Tunisia’s Economic Potential Held Back by Outdated Policies

September 17, 2014


  • Protecting the domestic economy has produced underperforming companies, while investment incentives have failed to attract labor intensive and high value added industries.
  • Tunisian exporters are forced to work around absurd regulations to sell to the domestic market.
  • A new World Bank report recommends an extensive overhaul of investment policies to simplify the system to boost both investment and job creation.

Walid Benamor is an industrious man: his family business, La Pratique Electronique, has grown from just two employees when it was founded in 2001, to over 70 today. This makes him an outlier in a country which has seen its economy stagnate, and its unemployment levels remain stubbornly high, particularly during the slump that followed the 2011 revolution.

Although firmly grounded on Tunisian soil, under Tunisian law, La Pratique Electronique is considered an “offshore” company because it exports at least 70 percent of everything it makes. This means it is allowed to import its raw materials and components duty-free.

The alarm systems and LED lighting units that La Pratique Electronique makes in Tunisia are used for car assembly plants, airports and supermarkets, mainly in France, making it, for many, the kind of success story that epitomizes Tunisia’s economic model, which gives large tax incentives to companies manufacturing exports as part of its Investment Incentives Code. In recent years, however, calls by economists and businessmen for changes to be made to the code have increased, and the Tunisian government has been studying if and how the system should be reformed.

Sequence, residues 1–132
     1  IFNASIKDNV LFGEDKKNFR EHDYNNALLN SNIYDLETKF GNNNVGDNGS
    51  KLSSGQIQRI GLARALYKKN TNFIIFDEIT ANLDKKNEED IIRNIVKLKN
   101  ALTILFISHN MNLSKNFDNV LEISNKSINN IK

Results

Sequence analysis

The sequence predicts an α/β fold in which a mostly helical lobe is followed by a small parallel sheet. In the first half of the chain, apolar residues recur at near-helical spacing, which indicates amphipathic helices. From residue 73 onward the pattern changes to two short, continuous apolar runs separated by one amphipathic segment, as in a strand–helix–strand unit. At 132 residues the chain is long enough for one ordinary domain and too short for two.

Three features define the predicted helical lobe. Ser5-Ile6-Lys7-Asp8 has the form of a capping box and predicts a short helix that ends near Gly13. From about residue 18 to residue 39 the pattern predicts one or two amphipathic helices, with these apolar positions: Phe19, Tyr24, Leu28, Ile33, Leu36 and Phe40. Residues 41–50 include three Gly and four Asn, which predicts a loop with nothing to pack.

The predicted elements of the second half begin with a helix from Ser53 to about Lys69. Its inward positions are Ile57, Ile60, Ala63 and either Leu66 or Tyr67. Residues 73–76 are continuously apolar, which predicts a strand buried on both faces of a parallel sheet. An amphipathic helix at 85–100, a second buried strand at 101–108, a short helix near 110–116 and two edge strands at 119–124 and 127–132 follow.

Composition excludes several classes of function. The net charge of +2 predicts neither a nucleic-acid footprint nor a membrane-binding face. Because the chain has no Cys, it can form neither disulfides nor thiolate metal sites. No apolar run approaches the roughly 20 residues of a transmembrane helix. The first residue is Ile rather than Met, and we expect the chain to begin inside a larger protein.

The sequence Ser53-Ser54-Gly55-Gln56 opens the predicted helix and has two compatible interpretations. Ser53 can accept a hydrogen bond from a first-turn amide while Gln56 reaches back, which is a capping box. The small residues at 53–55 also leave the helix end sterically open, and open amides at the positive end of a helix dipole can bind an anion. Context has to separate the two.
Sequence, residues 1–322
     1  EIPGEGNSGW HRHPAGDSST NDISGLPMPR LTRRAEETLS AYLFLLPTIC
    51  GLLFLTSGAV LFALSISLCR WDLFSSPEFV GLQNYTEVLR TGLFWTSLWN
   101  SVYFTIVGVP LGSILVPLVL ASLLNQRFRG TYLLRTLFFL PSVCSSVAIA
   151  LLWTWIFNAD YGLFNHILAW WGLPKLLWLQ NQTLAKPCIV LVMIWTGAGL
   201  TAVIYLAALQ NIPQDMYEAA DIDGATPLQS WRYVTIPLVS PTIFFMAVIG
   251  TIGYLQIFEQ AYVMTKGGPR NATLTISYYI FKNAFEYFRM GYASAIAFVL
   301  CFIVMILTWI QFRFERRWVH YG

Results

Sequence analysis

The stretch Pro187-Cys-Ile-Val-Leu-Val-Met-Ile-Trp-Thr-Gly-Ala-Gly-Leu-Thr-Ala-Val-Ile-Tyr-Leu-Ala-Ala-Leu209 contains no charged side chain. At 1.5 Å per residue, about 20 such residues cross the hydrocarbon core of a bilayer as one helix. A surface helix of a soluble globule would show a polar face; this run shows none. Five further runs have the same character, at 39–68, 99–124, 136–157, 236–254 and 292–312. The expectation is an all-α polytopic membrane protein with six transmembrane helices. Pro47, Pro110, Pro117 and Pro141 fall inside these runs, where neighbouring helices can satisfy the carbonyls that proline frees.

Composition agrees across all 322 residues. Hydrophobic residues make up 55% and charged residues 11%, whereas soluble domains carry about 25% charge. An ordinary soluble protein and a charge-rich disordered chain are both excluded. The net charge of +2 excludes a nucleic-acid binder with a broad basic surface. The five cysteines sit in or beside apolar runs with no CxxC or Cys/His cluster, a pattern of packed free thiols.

The code draws a distinction between “onshore” and “offshore” companies. Its supporters say incentives provided to offshore companies make Tunisia more attractive to foreign investors, with the offshore sector’s relatively limited regulations protecting them from the corruption and red tape faced in the onshore sector. They also say the system protects Tunisia’s domestic labor market from the “race-to-the-bottom” of global market, as countries compete to produce cheap exports with cheap labor.

How the onshore–offshore system works in practice, though, does not substantiate either argument. The offshore sector has indeed attracted large-scale foreign investment, but the reality is that overall investment levels remain low and Tunisia lags behind its closest competitors. Investors’ surveys show that investment incentives, which amount to approximately two percent of Gross Domestic Product, are largely wasted.  “Roughly 80 percent of the US$850 million Tunisia spends annually on tax incentives to the offshore sector is a waste,” said Antonio Nucifora, lead-author of the recently released World Bank report, The Unfinished Revolution, Bringing Opportunity, Good Jobs and Greater Wealth to all Tunisian. “The companies we surveyed said they would have invested in exactly the same way, with or without the tax breaks,” he added. 

" However useful it may once have been, the dual economy is now an obstacle to growth. "

To put this amount in perspective, Tunisia spends roughly the same amount of public money on the incentives to the offshore sector as it spends on public investment projects in infrastructure.  Added to which, the type of investment that has benefited most from the government’s offshore incentives has been in mining, energy and banking—none of which are labor intensive, meaning they do little to absorb Tunisia’s mass of unemployed.  The result is that while average wages in Tunisia are around US$4,000 per year, the cost of each additional job created thanks to the incentives is approximately US$ 20,000 per job per year.